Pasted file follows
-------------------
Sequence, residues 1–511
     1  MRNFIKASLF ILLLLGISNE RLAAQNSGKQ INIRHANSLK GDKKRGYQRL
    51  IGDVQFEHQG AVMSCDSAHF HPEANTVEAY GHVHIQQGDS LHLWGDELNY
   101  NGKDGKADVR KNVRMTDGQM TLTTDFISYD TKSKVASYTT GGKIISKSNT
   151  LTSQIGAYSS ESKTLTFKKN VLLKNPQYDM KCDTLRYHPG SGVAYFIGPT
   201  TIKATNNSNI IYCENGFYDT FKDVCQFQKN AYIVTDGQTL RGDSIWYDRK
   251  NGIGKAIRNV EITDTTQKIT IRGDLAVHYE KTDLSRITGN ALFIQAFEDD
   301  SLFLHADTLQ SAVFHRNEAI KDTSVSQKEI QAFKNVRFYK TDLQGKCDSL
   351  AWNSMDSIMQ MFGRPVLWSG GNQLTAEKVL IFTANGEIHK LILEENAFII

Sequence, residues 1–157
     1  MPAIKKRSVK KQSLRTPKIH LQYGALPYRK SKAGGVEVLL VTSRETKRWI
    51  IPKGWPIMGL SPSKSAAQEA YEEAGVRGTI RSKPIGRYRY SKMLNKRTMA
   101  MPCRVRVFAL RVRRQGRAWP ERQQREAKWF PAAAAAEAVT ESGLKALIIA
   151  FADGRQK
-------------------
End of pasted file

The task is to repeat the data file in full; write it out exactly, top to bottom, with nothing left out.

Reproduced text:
Sequence, residues 1–511
     1  MRNFIKASLF ILLLLGISNE RLAAQNSGKQ INIRHANSLK GDKKRGYQRL
    51  IGDVQFEHQG AVMSCDSAHF HPEANTVEAY GHVHIQQGDS LHLWGDELNY
   101  NGKDGKADVR KNVRMTDGQM TLTTDFISYD TKSKVASYTT GGKIISKSNT
   151  LTSQIGAYSS ESKTLTFKKN VLLKNPQYDM KCDTLRYHPG SGVAYFIGPT
   201  TIKATNNSNI IYCENGFYDT FKDVCQFQKN AYIVTDGQTL RGDSIWYDRK
   251  NGIGKAIRNV EITDTTQKIT IRGDLAVHYE KTDLSRITGN ALFIQAFEDD
   301  SLFLHADTLQ SAVFHRNEAI KDTSVSQKEI QAFKNVRFYK TDLQGKCDSL
   351  AWNSMDSIMQ MFGRPVLWSG GNQLTAEKVL IFTANGEIHK LILEENAFII

Sequence, residues 1–157
     1  MPAIKKRSVK KQSLRTPKIH LQYGALPYRK SKAGGVEVLL VTSRETKRWI
    51  IPKGWPIMGL SPSKSAAQEA YEEAGVRGTI RSKPIGRYRY SKMLNKRTMA
   101  MPCRVRVFAL RVRRQGRAWP ERQQREAKWF PAAAAAEAVT ESGLKALIIA
   151  FADGRQK